Frankfurt Auto Show: Blue is the new green, green is the new . . .
Our recent visit to the Frankfurt Auto Show illustrated two trends in the European automotive industry. The first one has to do with design rather than technology: virtually every car manufacturer now uses badges and design accents in all imaginable shades of blue to signal that a particular model is (a) an electric vehicle or some sort of hybrid; (b) a fuel-efficient vehicle; (c) an alternative fueled vehicle; or (d) a Euro 6–compliant vehicle. We saw some real commitment to improving environmental performance, but there was also a good measure of “bluewashing” in this strategy that gave us the blues. Some manufacturers tacked on shiny blue badges to market models with very different technologies and environmental performances (some of which left us rather unimpressed). Volkswagen was notably all over the place using the Bluemotion moniker for hybrids, gasoline and diesel vehicles.
Fuchsia hybrida will remain confined to the garden for now
In spite of the labeling jumble, we were pleased to see fuel-efficient cars prominently displayed in almost every manufacturer’s exhibition hall (and that’s trend number two). It was good to see plug-in hybrids of all sorts, from the compact Audi A3 E-tron (45 grams of CO2 km over the European type-approval cycle NEDC) to the Volvo V60 Diesel PHEV [48 g/km] or the Porsche Panamera S E-hybrid [71 g/km]. It was also great to see that fuel efficiency/CO2 performance has become one of the strongest selling points for new vehicles. PSA’s funky compressed-air hybrid technology is looking quite promising (they talk about savings of up to 45% in urban driving), as were the CNG vehicles in the show (e.g., Mercedes-Benz E Class, Opel Adam), but we were left wondering whether we will see many of these on European roads any time soon.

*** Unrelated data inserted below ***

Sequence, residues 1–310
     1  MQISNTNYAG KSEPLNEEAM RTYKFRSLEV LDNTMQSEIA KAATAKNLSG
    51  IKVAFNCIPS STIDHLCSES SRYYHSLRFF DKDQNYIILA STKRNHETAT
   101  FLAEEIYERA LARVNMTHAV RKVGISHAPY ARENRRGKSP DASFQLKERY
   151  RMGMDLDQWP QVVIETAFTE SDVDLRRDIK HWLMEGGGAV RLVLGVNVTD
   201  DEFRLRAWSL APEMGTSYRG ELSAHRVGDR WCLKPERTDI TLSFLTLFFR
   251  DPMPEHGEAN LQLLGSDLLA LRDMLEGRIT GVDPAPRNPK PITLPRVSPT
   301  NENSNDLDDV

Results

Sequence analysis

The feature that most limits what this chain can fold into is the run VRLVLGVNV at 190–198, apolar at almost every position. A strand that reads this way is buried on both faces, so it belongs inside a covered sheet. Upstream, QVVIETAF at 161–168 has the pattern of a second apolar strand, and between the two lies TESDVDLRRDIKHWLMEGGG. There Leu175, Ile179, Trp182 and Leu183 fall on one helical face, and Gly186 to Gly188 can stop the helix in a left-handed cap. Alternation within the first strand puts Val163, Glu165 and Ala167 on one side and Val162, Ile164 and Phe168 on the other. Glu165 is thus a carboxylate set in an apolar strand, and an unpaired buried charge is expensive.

Another sign that fuels our optimism: at last the environmental scientists and the car guys and girls within us weren’t having tiny fights in angel/devil costumes hovering above our shoulders. Instead, images of full-electric, carbon-fiber-bodied BMW i3s running (silent) circles around the gas guzzling SUVs that took center stage in auto shows not so long ago made us grin.
Monster SUVs like this Brabus would be best left to pick up dust
As we took the train back to Berlin, we concluded that the sleek 261 mpg (0.9l/100km) Volkswagen XL1 (expect real-world fuel consumption to be higher than that) and the all-electric Tesla Model S (“is this for sale here?” being the question in every showgoer’s mouth) were some of the most lust-worthy cars on display. Definitely, green is the new cool.
The VW XL1 is one fuel-sipping, futuristic machine